• Am I skiing "around" my equipment?  (Is that bad?)
    • What would it feel like?
  • The thing I have trouble in is chopped up snow, most recently experienced at Loveland up near chair 4/8 (not hard terrain) and at A-Basin's Zuma Bowl.
    • Loveland was the day after a 17" dump on May 1st, A-Basin was day 2, 3, and 4 after that dump.
    • I feel pushed around by the snow, and I don't feel like I can trust my ski's to power through things.
    • It's a *really* rough ride, even if I can hold it most of the time.
    • The above makes me think that more float (and possibly a stiffer ski) might be helpful.
  • I've never really felt "3D" in snow.
post #14 of 26
Quote:
  • The thing I have trouble in is chopped up snow, most recently experienced at Loveland up near chair 4/8 (not hard terrain) and at A-Basin's Zuma Bowl.
    • Loveland was the day after a 17" dump on May 1st, A-Basin was day 2, 3, and 4 after that dump.
    • I feel pushed around by the snow, and I don't feel like I can trust my ski's to power through things.
    • It's a *really* rough ride, even if I can hold it most of the time.
    • The above makes me think that more float (and possibly a stiffer ski) might be helpful.
  • I've never really felt "3D" in snow.

 

Sorry to nag but sounds like Dakota to me. You have the 8.0 for bumps, groomers and really hard snow conditions so a versatile, solid 105 to 112 powderish ski is the next logical step with the key being 'versatile'.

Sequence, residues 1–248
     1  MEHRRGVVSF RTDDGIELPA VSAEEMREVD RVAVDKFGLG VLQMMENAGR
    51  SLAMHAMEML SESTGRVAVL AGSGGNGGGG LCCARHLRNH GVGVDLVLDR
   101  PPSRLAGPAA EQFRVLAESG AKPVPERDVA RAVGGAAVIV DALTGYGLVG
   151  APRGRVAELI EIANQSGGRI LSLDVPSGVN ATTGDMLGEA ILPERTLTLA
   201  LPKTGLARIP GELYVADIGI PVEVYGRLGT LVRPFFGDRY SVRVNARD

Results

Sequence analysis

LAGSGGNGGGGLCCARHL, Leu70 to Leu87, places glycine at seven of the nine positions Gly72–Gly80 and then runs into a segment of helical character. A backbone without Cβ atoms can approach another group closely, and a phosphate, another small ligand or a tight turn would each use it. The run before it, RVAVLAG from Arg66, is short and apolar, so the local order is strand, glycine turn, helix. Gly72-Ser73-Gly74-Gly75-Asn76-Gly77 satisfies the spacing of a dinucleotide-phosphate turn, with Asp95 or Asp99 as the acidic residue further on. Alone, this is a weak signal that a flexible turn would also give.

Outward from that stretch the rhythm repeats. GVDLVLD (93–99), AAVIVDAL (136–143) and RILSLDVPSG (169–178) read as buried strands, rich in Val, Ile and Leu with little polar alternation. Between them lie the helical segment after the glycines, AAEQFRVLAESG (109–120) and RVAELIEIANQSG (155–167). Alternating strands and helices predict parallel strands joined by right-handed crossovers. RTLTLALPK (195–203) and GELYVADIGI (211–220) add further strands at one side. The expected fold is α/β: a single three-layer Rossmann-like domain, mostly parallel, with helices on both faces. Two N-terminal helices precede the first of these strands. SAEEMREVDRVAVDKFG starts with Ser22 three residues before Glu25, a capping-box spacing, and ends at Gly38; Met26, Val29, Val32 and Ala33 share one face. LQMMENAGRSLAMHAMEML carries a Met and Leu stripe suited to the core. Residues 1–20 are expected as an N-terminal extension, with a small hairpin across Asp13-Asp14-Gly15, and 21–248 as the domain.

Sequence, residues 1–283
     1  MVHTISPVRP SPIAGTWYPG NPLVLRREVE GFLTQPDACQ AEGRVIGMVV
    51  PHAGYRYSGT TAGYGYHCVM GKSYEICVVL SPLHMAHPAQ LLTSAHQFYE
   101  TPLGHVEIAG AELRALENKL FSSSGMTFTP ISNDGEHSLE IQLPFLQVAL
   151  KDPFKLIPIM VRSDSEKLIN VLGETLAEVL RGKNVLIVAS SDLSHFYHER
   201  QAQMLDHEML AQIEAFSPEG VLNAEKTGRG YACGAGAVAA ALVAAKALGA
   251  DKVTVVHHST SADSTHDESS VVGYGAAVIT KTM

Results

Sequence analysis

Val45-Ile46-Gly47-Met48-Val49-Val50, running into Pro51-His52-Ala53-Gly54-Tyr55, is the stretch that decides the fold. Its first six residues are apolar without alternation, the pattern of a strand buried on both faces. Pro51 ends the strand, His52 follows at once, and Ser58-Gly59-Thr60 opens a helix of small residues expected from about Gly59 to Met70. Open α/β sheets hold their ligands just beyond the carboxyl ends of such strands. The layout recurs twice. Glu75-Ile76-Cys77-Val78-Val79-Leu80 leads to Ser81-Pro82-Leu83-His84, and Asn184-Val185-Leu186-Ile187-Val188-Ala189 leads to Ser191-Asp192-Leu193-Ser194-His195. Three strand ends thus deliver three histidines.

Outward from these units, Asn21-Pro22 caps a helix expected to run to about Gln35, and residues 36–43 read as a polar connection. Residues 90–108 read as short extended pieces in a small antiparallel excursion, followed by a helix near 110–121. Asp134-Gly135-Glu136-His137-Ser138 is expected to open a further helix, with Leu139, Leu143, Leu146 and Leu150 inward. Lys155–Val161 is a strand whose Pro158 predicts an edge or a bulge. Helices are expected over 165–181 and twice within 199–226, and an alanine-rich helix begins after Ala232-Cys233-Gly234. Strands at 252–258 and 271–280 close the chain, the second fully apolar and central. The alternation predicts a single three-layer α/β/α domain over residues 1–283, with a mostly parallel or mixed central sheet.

As an aside really wide pure powder skis remove 3D from the ski experience due to skiing on top of the snow rather than through the snow. Check my avatar to see 3D snow. I weight 185 lbs and am on 185 Prophet 100's not on top of the snow but floating up and down within the 4 feet of fresh. More float would be easier but ruin the fun!

post #15 of 26
Quote:
Originally Posted by Castle Dave View Post
 

More float would be easier but ruin the fun!

 

. . . or not.:beercheer:

post #16 of 26
Quote:
Originally Posted by Magi View Post
 

 

Stellar response - thanks for taking the time to write it.

 

I think its time to go back to the drawing board, and recognize that I probably can't buy blind at this point.  I don't know enough about what I want or what I need, so I'll have to take some time to Demo.

 

So lets try again:

  • How do I tell the difference between "you don't have enough experience in that condition" and the less hyperbolic version of "you're tying to push a 68mm race carver through 18 inches of fresh powder".